Financial Services Industry Going Cloud

Financial service institutions have historically been laggards with adopting digital technologies and data systems. In recent years, the Financial Services Industry has been experiencing tightening government regulation, creating hesitation around adopting digital technologies due to their high-level of security risks. However, these attitudes are quickly changing as the financial services market experiences disruptions from more secure cloud computing practices.

A recent survey by PricewaterhouseCoopers found that 71% of financial service industry leaders show a renewed interest in utilizing cloud computing within their services[1]. Medium to smaller financial companies see cloud computing as an opportunity to build up new services, giving them a greater competitive advantage. This has pressed larger financial companies to reconsider their stance on cloud computing, setting forth a motion a race to adoption.

Cloud Computing Makes Business Sense

With the market for financial services growing more competitive, companies are looking to cloud computing to help save on operational costs. A report published by Gartner found that poor return on equity from hosting in-house data centers will drive more than 60% of banks to migrate the majority of their transactions into a cloud platform in 2016[2]. For example, when the Commonwealth Bank of Australia migrated their information systems into the cloud, they reduced their maintenance and infrastructure expenditures from 75% of their total costs to 25%.[3]

A growing problem with hosting in-house data centers is the incredible growth of data density. The costs of building on, updating, and managing in-house systems continues to inflate overtime. As more financial services institutions migrate data systems to the cloud, the competitive gap between cloud-enabled companies and in-house systems continues to grow.

Continued Security Risks and Compliance Concerns

The benefits of migrating data systems into the cloud are renewing industry interest. However, concerns about the security risks are persistent. While attitudes about cloud security are improving, security concerns and changing government regulations are top reasons for hesitation. In a recent survey by Cloud Security Alliance, 61% of financial service institutions were still in the formative stages of their cloud computing strategy[4].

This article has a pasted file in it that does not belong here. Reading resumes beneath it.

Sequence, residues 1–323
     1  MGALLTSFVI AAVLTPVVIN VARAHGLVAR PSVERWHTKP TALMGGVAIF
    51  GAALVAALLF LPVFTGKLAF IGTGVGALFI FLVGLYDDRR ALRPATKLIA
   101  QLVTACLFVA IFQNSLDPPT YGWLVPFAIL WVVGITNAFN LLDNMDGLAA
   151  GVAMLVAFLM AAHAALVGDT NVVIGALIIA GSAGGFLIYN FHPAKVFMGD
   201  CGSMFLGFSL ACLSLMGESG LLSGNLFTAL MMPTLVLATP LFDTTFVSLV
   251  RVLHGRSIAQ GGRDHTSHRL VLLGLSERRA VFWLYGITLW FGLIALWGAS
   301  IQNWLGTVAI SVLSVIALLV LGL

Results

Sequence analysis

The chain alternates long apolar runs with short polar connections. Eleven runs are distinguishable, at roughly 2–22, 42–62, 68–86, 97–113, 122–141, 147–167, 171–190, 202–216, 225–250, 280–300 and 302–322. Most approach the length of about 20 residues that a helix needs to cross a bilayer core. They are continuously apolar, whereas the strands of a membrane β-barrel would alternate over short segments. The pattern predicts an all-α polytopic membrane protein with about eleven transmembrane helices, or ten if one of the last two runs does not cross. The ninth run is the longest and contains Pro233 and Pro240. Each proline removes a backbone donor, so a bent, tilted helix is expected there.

Government regulation, such as the Frank-Dodd Act, is still in development with the growing cloud market. The survey by Cloud Security Alliance found that 71% of financial institutions share a concern about growing regulatory restrictions[5]. 80% of financial institutions want better transparency and audit controls from the cloud to ensure compliance[6].

Hybrid Cloud Models

As market pressures reach their peak, financial institutions at the cusp of migration will need to make calculated risks about where their data and customer information is going. Most financial institutions are opting for a hybrid cloud model that allows them to orchestrate data flows between in-house data centers and public or private cloud systems.

Hybrid cloud models offer greater flexibility in the design of their servers, as well as greater security against single-point failure or performance issues. However, issues with privacy and security can be amplified if infrastructures aren’t fully compatible. Legacy systems or customized database management software will need professional consulting to ensure that systems are operating with maximum security against breaches or data corruption.

Tiempo Development offers high-quality customized software solutions using the latest Agile methodologies. Our software engineers are experienced in optimizing data flows to turn Big Data into successful business strategies. Learn more about our work with advanced data systems by downloading our SourceThought Case Study!

[1] Julien C. et al. “Clouds in the forecast”. PricewaterhouseCoopers LLC.”

[2] Rob M. and Janessa R. “Gartner Identifies Top Vertical Industry Predictions for IT Organizations for 2014”. Gartner.

[3] Elliott H. “Cloud in financial services – what is it not good for?”. Business Cloud News.

[4] John Y. et al. “How Cloud is Being used in the Financial Sector March 2015”. Cloud Security Alliance.

[5] Ibid.

[6] Ibid.

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